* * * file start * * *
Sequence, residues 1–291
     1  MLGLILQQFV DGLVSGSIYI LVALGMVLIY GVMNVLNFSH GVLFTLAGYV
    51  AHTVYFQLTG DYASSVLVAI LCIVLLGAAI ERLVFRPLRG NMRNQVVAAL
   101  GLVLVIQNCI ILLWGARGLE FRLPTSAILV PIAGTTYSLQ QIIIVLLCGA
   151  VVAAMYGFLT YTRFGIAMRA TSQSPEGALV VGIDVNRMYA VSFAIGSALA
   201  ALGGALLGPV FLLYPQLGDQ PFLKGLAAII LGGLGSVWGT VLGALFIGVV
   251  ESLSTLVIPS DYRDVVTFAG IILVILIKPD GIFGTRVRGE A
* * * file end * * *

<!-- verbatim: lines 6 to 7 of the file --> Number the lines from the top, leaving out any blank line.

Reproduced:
   201  ALGGALLGPV FLLYPQLGDQ PFLKGLAAII LGGLGSVWGT VLGALFIGVV
   251  ESLSTLVIPS DYRDVVTFAG IILVILIKPD GIFGTRVRGE A